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The Costume Institute

The Costume Institute

The Costume Institute's collection of more than thirty-five thousand costumes and accessories represents five continents and seven centuries of fashionable dress, regional costumes, and accessories for men, women, and children, from the fifteenth century to the present.

Now at the Met

Near Neighbors: Brooklyn Dressmakers in the Brooklyn Museum Costume Collection at The Metropolitan Museum of Art

P. Grace Hernandez, 2010–11 Polaire Weissman Fellow, The Costume Institute

Posted: Monday, January 14, 2013

When the Brooklyn Museum transferred its costume collection to the Metropolitan Museum's Costume Institute in January 2009, the Met acquired an impressive array of garments from renowned European and American designers. Some highlights from the collection were featured in the related 2010 exhibitions American Woman: Fashioning a National Identity at the Met and American High Style: Fashioning a National Collection at the Brooklyn Museum. Yet the collection also contains a set of objects with noteworthy local origins: garments and accessories made by Brooklyn-based clothing and accessory makers—milliners, tailors, and dressmakers—working independently or in department stores during the nineteenth and twentieth centuries.

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Spring Fashion Forecast for The Costume Institute = PUNK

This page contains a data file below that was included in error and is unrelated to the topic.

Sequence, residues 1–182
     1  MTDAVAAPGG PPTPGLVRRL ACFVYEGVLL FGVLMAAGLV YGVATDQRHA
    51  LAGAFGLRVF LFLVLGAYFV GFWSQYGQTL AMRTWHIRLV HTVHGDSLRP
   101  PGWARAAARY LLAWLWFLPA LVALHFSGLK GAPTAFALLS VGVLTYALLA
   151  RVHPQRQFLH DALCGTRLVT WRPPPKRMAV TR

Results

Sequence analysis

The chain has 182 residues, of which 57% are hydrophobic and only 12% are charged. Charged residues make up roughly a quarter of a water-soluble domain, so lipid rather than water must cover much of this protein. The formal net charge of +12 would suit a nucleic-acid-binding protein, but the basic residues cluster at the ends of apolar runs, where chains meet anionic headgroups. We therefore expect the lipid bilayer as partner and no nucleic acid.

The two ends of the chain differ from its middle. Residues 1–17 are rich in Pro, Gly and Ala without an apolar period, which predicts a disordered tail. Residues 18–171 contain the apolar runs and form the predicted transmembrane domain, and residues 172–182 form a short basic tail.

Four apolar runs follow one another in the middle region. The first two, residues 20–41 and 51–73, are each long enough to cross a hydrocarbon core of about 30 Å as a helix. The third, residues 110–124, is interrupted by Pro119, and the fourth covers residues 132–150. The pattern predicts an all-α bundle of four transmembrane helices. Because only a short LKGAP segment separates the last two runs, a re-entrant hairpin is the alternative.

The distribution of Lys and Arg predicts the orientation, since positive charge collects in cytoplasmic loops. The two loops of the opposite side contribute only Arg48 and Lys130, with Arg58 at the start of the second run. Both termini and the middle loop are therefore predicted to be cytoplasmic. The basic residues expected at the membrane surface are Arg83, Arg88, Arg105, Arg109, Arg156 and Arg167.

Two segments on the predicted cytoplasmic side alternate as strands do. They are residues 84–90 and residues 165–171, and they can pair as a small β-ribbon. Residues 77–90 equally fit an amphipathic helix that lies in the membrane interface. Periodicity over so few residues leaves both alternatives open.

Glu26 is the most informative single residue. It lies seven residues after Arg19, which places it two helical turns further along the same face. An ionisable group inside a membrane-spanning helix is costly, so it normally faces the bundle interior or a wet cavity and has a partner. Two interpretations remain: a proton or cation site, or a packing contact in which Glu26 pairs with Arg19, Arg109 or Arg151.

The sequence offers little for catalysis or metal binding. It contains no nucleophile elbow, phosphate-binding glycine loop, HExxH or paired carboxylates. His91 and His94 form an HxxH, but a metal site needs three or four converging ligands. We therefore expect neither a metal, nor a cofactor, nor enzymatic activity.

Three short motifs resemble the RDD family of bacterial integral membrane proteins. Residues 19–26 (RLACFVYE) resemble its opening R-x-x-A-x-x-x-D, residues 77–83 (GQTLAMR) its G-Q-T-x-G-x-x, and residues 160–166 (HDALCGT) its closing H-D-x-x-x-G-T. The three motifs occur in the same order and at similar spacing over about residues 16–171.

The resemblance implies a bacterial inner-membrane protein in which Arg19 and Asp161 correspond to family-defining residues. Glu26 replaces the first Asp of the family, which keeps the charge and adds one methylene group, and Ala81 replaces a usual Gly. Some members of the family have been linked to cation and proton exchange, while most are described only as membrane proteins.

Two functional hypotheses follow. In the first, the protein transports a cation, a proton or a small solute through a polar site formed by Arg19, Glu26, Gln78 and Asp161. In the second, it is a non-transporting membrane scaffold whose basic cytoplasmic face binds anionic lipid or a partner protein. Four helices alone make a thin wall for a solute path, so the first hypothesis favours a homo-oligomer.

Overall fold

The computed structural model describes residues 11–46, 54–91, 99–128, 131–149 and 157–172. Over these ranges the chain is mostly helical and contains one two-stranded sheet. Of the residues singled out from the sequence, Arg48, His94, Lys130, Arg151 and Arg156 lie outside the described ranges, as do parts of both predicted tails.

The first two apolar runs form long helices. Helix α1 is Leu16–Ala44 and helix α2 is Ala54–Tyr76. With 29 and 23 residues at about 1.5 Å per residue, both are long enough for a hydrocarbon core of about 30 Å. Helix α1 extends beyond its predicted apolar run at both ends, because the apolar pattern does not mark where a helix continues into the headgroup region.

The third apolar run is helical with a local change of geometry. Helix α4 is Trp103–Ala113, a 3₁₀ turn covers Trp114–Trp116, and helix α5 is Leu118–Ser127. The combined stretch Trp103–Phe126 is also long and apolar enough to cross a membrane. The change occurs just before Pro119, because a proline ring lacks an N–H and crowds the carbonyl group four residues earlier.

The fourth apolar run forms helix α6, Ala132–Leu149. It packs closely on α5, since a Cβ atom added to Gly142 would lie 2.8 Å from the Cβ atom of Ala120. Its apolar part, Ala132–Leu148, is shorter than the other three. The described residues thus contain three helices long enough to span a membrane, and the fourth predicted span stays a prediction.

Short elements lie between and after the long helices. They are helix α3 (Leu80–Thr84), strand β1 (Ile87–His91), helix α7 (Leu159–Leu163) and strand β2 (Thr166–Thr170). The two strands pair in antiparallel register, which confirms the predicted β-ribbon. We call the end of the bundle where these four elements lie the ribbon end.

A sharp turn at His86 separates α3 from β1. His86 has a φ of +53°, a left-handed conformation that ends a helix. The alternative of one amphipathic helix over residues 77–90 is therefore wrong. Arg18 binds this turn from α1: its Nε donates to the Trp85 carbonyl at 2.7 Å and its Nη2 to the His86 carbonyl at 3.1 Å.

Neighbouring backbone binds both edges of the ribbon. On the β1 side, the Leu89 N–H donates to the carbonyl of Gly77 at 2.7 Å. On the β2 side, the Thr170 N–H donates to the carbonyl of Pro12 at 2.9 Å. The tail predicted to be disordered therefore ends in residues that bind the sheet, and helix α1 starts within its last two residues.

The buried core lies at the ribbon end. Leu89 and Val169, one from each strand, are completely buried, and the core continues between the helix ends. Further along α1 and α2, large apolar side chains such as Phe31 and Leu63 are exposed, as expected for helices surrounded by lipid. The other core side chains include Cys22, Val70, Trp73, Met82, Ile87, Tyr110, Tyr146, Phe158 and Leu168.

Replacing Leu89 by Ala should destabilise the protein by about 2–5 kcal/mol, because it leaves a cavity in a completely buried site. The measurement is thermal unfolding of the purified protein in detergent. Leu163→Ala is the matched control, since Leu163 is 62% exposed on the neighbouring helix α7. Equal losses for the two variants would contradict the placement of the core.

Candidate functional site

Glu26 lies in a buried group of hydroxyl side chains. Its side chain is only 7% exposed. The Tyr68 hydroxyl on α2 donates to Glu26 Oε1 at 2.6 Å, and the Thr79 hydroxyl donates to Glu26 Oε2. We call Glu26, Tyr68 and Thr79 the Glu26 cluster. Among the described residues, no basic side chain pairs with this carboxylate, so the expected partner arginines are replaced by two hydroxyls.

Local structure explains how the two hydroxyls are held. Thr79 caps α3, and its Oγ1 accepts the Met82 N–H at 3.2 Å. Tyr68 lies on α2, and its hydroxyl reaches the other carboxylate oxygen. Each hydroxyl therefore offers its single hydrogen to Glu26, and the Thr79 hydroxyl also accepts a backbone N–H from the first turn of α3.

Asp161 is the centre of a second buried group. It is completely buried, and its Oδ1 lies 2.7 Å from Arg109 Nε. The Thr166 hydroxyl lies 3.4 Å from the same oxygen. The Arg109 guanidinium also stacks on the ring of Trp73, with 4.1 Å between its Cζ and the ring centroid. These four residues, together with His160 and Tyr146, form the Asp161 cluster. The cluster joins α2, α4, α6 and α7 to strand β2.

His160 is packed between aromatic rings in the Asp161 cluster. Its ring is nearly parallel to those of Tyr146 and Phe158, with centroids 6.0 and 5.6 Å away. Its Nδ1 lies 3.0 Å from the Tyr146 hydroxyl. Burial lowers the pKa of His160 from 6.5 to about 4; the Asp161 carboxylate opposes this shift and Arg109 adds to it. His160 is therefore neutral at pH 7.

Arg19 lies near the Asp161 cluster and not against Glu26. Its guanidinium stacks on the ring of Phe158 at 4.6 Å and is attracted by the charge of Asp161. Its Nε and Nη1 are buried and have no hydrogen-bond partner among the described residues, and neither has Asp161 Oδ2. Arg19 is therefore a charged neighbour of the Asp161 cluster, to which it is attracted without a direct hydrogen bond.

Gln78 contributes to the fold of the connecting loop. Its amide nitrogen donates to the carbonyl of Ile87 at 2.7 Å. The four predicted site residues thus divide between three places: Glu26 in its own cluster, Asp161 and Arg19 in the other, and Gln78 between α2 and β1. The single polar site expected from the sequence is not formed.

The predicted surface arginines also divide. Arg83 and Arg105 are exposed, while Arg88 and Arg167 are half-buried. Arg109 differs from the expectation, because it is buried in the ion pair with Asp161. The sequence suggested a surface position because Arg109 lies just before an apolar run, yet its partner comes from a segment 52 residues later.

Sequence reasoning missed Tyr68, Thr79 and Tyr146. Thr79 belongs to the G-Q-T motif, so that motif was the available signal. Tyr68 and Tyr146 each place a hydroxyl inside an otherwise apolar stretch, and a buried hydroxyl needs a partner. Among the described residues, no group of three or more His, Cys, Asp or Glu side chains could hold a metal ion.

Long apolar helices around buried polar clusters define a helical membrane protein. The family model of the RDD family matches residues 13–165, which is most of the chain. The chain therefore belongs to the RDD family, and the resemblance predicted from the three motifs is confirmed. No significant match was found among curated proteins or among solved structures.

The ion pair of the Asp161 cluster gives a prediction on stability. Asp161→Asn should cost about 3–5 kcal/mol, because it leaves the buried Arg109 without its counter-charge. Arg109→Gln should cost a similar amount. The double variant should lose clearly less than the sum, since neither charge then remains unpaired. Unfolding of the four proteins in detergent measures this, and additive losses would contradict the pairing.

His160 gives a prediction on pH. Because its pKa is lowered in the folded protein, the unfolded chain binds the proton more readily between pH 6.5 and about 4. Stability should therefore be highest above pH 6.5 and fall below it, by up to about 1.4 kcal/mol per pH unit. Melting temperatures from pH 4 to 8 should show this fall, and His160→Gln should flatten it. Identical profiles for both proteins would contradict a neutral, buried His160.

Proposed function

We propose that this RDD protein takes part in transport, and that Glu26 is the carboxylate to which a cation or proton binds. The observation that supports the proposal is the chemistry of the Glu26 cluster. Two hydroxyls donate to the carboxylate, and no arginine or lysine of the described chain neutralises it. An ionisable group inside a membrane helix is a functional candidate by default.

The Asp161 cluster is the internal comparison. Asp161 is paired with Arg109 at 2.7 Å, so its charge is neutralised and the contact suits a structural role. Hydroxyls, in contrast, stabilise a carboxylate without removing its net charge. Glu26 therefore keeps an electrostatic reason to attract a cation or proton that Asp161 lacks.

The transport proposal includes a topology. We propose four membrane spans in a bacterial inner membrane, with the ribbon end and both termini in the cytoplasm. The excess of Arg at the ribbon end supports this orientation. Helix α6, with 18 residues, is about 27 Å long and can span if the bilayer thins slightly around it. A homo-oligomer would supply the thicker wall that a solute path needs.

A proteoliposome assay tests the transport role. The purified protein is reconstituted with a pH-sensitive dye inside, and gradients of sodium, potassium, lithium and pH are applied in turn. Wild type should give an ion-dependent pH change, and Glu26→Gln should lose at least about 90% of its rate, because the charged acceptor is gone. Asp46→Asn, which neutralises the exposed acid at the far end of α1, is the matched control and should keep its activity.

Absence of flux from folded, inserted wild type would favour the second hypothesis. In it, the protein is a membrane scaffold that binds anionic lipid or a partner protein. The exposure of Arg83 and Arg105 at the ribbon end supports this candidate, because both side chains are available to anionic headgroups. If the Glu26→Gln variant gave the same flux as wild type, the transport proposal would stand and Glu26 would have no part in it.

Posted: Tuesday, September 18, 2012

The Costume Institute's next exhibition swerves to the streets and clubs of New York and London, then to ateliers and runways with PUNK: Chaos to Couture. The exhibition, on view from May 9 through August 11, 2013, will examine punk's impact from the 1970s to its continuing influence on high fashion now.

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Now at the Met

Today in Met History: December 13

Julie Tran Lê, Library Associate, The Irene Lewisohn Costume Reference Library

Posted: Tuesday, December 13, 2011

Sixty-five years ago today, on December 13, 1946, The Costume Institute's first exhibition at the Metropolitan Museum opened to the public.

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The Met's Online Community Responds to McQueen

Lucy Redoglia, Associate Online Community Producer, Digital Media

Posted: Wednesday, August 3, 2011

At the Met, we're always eager to hear from our online community through our various social media channels. Whether it's a comment about the Featured Artwork of the Day on our Facebook page, a question posed on Twitter, or a photograph posted to our Flickr group pool, our online visitors' responses are thoughtful and varied, and we enjoy reading and responding to them. Recently, the exhibition Alexander McQueen: Savage Beauty provided the Museum with an opportunity to hear from our online community in a new way; on a special McQueen page, we invited visitors to answer the question "What made you realize that fashion is an art form?" Not surprisingly, we received a wonderful range of responses, and we're excited to share them with you.

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McQueen and Tartan

Jonathan Faiers, Reader in Fashion Theory at Winchester School of Art